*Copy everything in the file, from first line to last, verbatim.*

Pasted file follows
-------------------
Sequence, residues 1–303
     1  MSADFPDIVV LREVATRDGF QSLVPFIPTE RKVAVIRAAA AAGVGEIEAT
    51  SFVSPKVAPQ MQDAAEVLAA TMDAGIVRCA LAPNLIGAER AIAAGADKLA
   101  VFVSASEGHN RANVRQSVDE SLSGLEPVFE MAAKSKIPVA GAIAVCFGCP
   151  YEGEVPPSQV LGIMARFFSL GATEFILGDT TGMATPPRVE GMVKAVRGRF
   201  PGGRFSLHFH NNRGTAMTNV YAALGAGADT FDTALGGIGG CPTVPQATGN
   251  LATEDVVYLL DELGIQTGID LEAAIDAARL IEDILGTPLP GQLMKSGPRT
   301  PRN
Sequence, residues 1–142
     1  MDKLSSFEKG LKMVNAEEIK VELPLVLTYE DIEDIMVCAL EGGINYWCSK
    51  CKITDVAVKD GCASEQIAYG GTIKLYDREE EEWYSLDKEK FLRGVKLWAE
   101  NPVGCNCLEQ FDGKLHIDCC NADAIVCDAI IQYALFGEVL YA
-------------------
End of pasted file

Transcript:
Sequence, residues 1–303
     1  MSADFPDIVV LREVATRDGF QSLVPFIPTE RKVAVIRAAA AAGVGEIEAT
    51  SFVSPKVAPQ MQDAAEVLAA TMDAGIVRCA LAPNLIGAER AIAAGADKLA
   101  VFVSASEGHN RANVRQSVDE SLSGLEPVFE MAAKSKIPVA GAIAVCFGCP
   151  YEGEVPPSQV LGIMARFFSL GATEFILGDT TGMATPPRVE GMVKAVRGRF
   201  PGGRFSLHFH NNRGTAMTNV YAALGAGADT FDTALGGIGG CPTVPQATGN
   251  LATEDVVYLL DELGIQTGID LEAAIDAARL IEDILGTPLP GQLMKSGPRT
   301  PRN
Sequence, residues 1–142
     1  MDKLSSFEKG LKMVNAEEIK VELPLVLTYE DIEDIMVCAL EGGINYWCSK
    51  CKITDVAVKD GCASEQIAYG GTIKLYDREE EEWYSLDKEK FLRGVKLWAE
   101  NPVGCNCLEQ FDGKLHIDCC NADAIVCDAI IQYALFGEVL YA